I’m running around the different areas of #Money2020, meeting folks, seeing exhibit demos, hearing track streams and listening to plenary keynotes. To be honest, the keynotes here are just product pitches so I spend most of my time in the track streams, where real dialogue occurs.
The major stream that I joined, as mentioned yesterday, is blockchain and one panel that closed the day got the most questions. The panel was all about regulating the blockchain and was a dialogue between a group of ladies.
This is fairly unusual, as most banking conferences I attend only get a token lady thrown in to demonstrate diversity. This panel was all women. But then it was about compliance, so that’s hardly surprising. The panel was made up of:
- Kathryn Haun, Former Federal Prosecutor, U.S. Department of Justice & Lecturer in Law, Stanford University
- Jamie Smith, Global Chief Communications & Marketing Officer, The Bitfury Group & CEO, Global Blockchain Business Council
- Ruth Wandhöfer, Global Head Regulatory & Market Strategy, Managing Director, Citi Transaction Services, Citigroup
- Carol Van Cleef, Partner, BakerHostetler
With the moderator being Amy Davine Kim, Global Policy Director & General Counsel, Chamber of Digital Commerce
And was described as follows:
How do you regulate blockchain, the technology that underpins not only digital currencies, but so much more? Not a trivial question. The regulation of blockchain-based applications is something governments, incumbents and other industry players debate, and there is still considerable uncertainty as governments take varied approaches. The U.S. Securities and Exchange Commission has ruled that some of the tokens offered for sale are actually securities—and are subject to the agency’s regulation. Chinese regulators recently issued a ban on Initial Coin Offerings (ICOs), causing chaos among start-ups looking to raise money through the novel fund-raising approach. Meanwhile, the European Parliament has focused on discovery: rather than start with what the technology must be stopped from doing, first figure out what it can do, then help it develop and work on how to protect the consumer. This panel of experts will compare the regulatory approaches being taken in different parts of the world and explore the critical issues for regulating blockchain-based applications.
I particularly enjoyed it as there was plenty of discussion about different approaches by different geographies, from the let’s try to block any ICO or cryptocurrency activity in China to the what is this thang in the USA. In fact, the panel generally felt that America was trailing the world when it came to regulating or embracing blockchain and pointed at what was going down in Dubai and Singapore as leading edge territories.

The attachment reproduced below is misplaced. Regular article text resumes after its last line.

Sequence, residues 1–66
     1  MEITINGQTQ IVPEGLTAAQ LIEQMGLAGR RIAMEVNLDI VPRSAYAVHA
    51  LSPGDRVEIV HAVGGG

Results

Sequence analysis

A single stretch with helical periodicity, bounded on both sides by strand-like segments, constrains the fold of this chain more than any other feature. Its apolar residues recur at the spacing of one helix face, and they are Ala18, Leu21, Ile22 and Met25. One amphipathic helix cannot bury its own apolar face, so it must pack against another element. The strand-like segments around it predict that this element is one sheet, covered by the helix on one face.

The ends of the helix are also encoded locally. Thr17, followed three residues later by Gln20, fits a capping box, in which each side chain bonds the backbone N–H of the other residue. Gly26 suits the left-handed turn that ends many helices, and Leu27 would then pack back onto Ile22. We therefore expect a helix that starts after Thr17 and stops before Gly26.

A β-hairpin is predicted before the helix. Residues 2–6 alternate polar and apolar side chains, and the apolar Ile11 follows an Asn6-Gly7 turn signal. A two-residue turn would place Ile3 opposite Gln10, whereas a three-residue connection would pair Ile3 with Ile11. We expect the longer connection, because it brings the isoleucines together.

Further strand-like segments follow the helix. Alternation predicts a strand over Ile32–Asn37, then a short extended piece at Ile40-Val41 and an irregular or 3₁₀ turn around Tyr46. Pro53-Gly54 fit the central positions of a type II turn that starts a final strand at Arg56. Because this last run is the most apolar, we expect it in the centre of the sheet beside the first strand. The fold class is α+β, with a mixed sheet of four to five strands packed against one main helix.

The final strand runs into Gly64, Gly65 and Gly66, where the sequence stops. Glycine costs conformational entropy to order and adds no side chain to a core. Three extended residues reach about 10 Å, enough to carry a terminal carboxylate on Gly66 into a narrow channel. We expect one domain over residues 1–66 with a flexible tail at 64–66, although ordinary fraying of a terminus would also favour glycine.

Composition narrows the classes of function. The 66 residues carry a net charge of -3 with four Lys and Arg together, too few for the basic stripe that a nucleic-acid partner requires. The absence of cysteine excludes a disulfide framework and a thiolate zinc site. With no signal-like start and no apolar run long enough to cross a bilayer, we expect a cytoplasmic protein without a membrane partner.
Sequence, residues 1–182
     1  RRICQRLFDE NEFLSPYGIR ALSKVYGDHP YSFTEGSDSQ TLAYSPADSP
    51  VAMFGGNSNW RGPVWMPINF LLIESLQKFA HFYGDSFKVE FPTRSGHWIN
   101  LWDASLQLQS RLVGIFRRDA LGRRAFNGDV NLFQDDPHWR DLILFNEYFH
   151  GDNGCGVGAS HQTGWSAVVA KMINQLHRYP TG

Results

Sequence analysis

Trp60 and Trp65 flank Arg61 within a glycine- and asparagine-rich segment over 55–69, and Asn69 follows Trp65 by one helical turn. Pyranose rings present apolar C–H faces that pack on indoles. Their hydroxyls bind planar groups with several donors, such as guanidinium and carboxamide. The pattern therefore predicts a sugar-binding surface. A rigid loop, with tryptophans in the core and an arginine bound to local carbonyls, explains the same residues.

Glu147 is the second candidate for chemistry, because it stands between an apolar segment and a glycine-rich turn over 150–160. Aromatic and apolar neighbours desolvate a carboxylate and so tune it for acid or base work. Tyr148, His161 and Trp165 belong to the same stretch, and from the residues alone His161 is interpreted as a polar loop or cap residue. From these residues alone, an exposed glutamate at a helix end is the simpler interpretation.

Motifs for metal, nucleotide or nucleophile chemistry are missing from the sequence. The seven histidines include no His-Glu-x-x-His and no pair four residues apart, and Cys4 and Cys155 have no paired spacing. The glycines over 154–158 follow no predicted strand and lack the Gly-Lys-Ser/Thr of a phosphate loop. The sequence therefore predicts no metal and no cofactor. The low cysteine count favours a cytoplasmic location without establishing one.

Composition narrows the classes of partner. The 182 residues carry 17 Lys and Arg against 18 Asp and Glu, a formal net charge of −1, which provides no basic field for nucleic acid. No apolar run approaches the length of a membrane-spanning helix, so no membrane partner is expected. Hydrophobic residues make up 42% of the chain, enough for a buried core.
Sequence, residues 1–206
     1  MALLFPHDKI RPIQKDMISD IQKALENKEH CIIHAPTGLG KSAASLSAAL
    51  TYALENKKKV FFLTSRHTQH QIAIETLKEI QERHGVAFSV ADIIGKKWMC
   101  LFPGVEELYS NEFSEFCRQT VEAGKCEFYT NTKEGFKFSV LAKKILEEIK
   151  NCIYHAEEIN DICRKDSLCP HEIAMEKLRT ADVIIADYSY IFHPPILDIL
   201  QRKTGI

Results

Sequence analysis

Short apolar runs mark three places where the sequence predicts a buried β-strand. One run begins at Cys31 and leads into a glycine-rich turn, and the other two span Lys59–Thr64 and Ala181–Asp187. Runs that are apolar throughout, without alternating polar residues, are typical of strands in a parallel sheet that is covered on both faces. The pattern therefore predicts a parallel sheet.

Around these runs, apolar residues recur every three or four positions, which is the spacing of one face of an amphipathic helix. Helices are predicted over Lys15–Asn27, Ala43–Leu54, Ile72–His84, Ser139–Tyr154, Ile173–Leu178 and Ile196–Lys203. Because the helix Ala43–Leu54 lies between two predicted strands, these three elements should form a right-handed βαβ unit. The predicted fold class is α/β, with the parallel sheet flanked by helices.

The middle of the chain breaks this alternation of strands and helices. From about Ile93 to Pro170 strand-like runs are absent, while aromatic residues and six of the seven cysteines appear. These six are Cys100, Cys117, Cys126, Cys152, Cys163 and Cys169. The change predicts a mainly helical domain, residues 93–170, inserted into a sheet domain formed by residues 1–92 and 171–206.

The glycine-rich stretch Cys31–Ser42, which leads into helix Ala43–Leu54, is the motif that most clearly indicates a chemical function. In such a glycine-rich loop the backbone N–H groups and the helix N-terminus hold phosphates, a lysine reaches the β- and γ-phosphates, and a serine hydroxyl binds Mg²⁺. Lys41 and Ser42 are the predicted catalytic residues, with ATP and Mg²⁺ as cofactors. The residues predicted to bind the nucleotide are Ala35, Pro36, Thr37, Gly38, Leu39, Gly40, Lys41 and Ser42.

There were also subtle nuances in the discussion, such as recognising there is a difference between a regulator and a lawmaker. Equally, there is a big difference between using blockchain for currency movements versus using blockchain for smart contracts. The latter is a big deal that governments should be implementing and trialling for passports and investments versus the former is where they have the biggest concerns over money laundering and illegal activities.
The audience clearly enjoyed the debate, as evidenced by the questions and comments:
And my takeaway was that there is the clear Jekyll and Hyde development of the internet. This had been true since the internet began and will probably stay true until the internet implodes. On the one hand, the internet is a transformational thing that brings a lot of good to a lot of people. People who are housebound can now get goods delivered to their homes, including anything from toilet paper to yoghurt. On the other hand, the internet allows criminals to engage in activity that is far darker than any activity that has gone before. The amount of paedophilia available on the dark web is more than has ever existed at any time ever before.
So, what to do?
Ban the internet due to the illegal activities of the few, or allow thee technology to thrive and prosper due to the benefits it brings to the many?
Governments always fall for the latter whilst trying to police the former. Could a government ban the internet today? Not easily, if at all. In a similar fashion, can a government stop the activity of currencies that do not recognise national boundaries? I don’t think so. But they can minimise their threat by auditing and analysing very cash in and cash out. And that’s exactly what they are doing.
Good luck to those libertarians who think they have money without government. There is no such thing.